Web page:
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The typical advice for people new to online business is to find your niche and create smaller sites that are specific to that niche. So, the newbie would have a site about mole removal and another site about acne and another about itchy skin. In some cases, he would have role specific and niche specific sites such as stretch mark removal for women that just had a baby and stretch mark removal for bodybuilders and stretch mark removal for people who've had gastric bypass surgery.

That might be the best advice in a lot of cases. But let's consider this situation: the now not so newbie is burnt out and overwhelmed with his 15 sites. Hei is burning the candles at both ends to create blog content, do social media marketing, sending out 15 emails a day for 6 days (90 new emails every week), etc.

He wants to find a different, more sane approach. While he could outsource some of the work, he wants to continue learning and work on the sites personally. So, he is considering niching up vs. down. What he wants to do is to combine those 15 sites into one big site, especially since some of the advice and the "skin system" he sells is pretty much the same for every site.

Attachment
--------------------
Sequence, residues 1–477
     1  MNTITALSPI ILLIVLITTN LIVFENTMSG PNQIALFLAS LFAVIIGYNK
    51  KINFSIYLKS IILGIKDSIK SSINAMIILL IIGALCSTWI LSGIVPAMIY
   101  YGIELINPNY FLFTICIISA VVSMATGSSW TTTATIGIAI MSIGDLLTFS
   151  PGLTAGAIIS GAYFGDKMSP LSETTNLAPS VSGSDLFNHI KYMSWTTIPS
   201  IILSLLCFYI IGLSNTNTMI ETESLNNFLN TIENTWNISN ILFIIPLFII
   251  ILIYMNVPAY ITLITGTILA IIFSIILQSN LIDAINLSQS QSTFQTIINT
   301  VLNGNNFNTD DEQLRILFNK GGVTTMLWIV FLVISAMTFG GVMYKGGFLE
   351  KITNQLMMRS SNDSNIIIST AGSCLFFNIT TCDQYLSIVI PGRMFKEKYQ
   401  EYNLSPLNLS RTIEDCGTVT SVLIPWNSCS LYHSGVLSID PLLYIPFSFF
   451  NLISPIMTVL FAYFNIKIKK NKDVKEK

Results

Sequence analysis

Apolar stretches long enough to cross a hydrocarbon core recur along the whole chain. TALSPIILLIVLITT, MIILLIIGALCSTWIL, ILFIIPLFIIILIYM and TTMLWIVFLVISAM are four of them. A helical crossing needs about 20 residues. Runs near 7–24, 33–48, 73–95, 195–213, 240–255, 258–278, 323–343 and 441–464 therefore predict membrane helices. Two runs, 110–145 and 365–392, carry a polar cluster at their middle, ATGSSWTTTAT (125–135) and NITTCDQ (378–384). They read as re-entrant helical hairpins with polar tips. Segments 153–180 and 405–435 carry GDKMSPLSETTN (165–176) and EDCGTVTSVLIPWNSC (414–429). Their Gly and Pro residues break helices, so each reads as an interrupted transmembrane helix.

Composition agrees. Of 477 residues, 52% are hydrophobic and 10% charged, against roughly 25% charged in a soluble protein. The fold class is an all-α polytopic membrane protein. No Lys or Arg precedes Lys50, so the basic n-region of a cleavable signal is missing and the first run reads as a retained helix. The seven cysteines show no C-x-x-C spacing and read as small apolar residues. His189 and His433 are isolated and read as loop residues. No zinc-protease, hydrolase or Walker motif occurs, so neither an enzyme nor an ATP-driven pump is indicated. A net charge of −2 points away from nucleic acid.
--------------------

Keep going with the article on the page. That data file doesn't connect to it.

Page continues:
One problem is that now you've got a blog with 15 different categories, covering bodybuilders, formerly fat people, moms, and acne, moles, and a bunch of other topics. Google may be a problem. Having a focused but broad home page may be too (even though there are many successful companies with big sites like this covering different topics and roles.)

If it were you, how would you make this transition from a bunch of little sites to one big site? What are other gotchas?

Mark
#niching
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  • Profile picture of the author Jonathan 2.0
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    Interesting question Mark. I'm not an Expert on SEO or Minisites (etc.) ... However I would go with putting all the content on one Website.

    Originally Posted by Mark Singletary View Post

    One problem is that now you've got a blog with 15 different categories, covering bodybuilders, formerly fat people, moms, and acne, moles, and a bunch of other topics.
    Sure. Although I don't see a problem with that ... The Website can be divided into "categories" and potentially still rank well in Google (etc.) for the Keywords.

    2C
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  • Profile picture of the author Frank Donovan